], and a contribution to the characterization of ecosystem services supply in mountain areas using satellite products, either through direct interpretation of the products themselves or as input variables to inform ecological models. To our knowledge, this is the first study assessing one ecosystem service per category using different sources of satellite products in a protected mountain area. The provision of reared animals, the regulation of water flows, and the cultural service of supporting the conservation of a narrow endemic and iconic plant species (Iris boissieri
) were evaluated following guidelines suggested by the CICES (Common International Classification of Ecosystem Services). Satellite-based products (grassland cover with Sentinel-2 and Landsat, Sentinel-1 and ESA CCI soil moisture, and Ecosystem Functional Attributes (EFAs) from MODIS) were computed and analyzed together with in situ (presence data on Iris boissieri
, field measurements of soil moisture, grassland occurrence data) and statistical sources (precipitation, temperature, number of cattle heads, burnt area) to obtain ES estimates. This study partially builds on satellite products and ecological models previously developed by the authors under the H2020 project Ecopotential (www.ecopotential-project.eu/
), extending their application to the assessment of ecosystem services. Finally, the monitoring of ecosystem services using satellite-based products is discussed under the scope of EESV development and sustainable management of mountain areas.
Three ecosystem services were evaluated in Peneda-Gerês National Park, a protected mountain range in northern Portugal. Provision of reared animals, regulation of water flows, and cultural services through habitat suitability for an endangered and iconic plant species were analyzed using satellite-based products together with in situ and statistical data.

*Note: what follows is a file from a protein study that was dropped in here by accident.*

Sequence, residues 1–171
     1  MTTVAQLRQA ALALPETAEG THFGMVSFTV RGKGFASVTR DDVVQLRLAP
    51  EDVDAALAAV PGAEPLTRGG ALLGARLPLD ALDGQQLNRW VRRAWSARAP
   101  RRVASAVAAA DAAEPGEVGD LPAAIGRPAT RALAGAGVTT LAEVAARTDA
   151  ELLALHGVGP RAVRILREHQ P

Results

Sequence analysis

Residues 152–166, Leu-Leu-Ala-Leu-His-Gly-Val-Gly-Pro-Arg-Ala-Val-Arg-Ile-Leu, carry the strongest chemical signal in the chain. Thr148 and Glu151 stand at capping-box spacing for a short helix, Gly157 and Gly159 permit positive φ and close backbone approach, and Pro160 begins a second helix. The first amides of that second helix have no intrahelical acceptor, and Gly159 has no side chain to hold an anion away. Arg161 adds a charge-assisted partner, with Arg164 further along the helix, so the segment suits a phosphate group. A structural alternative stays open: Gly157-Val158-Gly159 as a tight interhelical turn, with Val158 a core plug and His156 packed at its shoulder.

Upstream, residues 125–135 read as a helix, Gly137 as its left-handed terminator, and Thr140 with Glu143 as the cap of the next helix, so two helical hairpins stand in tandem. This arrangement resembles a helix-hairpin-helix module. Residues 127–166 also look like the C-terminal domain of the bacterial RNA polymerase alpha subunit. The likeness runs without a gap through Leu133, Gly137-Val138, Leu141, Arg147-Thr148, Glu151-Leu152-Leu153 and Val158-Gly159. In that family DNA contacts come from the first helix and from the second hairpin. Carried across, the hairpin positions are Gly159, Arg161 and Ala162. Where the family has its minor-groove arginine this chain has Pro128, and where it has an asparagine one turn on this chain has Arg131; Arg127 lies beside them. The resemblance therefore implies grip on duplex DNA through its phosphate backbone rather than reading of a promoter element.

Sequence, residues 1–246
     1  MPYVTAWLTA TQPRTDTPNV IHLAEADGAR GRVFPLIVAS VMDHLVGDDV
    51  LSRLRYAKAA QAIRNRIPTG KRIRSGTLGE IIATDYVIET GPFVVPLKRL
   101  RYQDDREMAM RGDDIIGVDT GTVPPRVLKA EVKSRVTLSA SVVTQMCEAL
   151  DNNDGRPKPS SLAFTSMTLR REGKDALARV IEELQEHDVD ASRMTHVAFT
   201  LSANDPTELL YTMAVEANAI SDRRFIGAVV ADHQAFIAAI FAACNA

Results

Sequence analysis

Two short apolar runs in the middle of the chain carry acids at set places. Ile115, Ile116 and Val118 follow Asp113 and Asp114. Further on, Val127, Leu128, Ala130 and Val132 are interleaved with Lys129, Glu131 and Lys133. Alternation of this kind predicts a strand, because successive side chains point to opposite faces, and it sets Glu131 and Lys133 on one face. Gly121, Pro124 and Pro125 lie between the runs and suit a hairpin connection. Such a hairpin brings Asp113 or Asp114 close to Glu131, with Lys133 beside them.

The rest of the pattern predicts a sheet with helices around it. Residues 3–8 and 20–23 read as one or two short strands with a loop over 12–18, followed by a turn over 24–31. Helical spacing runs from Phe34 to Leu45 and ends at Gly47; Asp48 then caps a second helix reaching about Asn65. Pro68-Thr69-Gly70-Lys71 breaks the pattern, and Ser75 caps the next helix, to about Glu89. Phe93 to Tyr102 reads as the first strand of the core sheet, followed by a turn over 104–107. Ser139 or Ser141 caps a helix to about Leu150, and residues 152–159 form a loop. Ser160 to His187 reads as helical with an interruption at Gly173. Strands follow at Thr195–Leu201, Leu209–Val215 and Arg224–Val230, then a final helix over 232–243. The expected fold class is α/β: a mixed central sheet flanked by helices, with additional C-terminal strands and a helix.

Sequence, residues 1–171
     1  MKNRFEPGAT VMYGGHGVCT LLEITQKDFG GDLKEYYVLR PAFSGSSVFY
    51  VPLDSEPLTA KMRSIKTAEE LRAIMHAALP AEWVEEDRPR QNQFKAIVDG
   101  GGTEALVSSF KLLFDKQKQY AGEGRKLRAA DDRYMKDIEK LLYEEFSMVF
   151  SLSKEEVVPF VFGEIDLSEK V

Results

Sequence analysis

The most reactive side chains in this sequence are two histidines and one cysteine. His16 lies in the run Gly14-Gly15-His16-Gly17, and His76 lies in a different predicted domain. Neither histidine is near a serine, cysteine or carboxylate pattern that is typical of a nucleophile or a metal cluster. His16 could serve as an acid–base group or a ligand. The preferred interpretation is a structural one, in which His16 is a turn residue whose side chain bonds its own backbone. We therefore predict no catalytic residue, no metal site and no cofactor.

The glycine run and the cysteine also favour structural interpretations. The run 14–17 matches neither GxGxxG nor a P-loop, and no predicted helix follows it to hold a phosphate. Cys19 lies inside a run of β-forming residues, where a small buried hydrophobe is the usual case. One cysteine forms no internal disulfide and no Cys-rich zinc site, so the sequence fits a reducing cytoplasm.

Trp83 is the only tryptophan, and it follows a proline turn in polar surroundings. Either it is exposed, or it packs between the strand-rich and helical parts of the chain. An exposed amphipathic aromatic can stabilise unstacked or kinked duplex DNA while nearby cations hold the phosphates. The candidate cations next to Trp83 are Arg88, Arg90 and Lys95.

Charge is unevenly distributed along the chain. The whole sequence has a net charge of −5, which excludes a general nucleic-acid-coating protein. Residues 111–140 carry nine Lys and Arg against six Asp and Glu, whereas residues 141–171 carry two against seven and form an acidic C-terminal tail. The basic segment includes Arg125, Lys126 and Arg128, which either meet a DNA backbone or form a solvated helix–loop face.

Grassland cover based on Sentinel-2 (2016) and Landsat-7 (2002) images, together with statistical data on livestock, revealed that the provision of reared animals is decreasing in PGNP, although the grassland area has stabilized since 2002 after a decline since the 1980s. Accordingly, the grazing livestock density index has decreased since 2002 in PGNP; however, in one parish, it has increased, showing a tendency toward specialized livestock farming systems together with generalized land abandonment in the park.
Sentinel-1 soil moisture retrievals were used for mapping the current state of water regulation in PGNP at very high spatial resolution, and ESA CCI soil moisture with lower spatial resolution were used to evaluate the trend since 2000. The provision of the water regulation service remained stable, and there was a strong relationship with interannual precipitation pattern. The very high spatial resolution of Sentinel-1 soil moisture allows local targeting actions to cope with natural hazards, such as drought and fire, particularly under future consequences of climate change.
The cultural service of preserving the habitat of Iris boissieri, an iconic species of this National Park, was computed based on ecosystem functional attributes derived from MODIS. Predicted suitable areas for Iris boissieri were modeled and yearly projected since the year 2001, which showed interannual fluctuations of higher and lower PSA values with possible influence of burnt areas and precipitation. The model based on satellite predictors allowed the spatial and temporal monitoring of PSA for this iconic species as an adequate indicator of the stability of habitats for future conservation and consequently for the provision of a cultural service.
We believe that this study can be replicated in other mountain areas to assess the supply of these three ecosystem services considering that satellite products used here are global and freely available, and the codes to run the models are open. Notwithstanding, local data is important, especially to validate satellite products and to calibrate/validate the models. Overall, satellite-based products were shown to be efficient indicators to support the current state and trend analysis of ecosystem services in a protected mountain range, in particular for increasing the spatial and temporal accuracy of assessment and monitoring. This study contributes to innovative perspectives on the use of satellite-based products on ecosystem services assessments, with relevance for monitoring efforts and in particular for the ongoing definition of essential ecosystem service variables.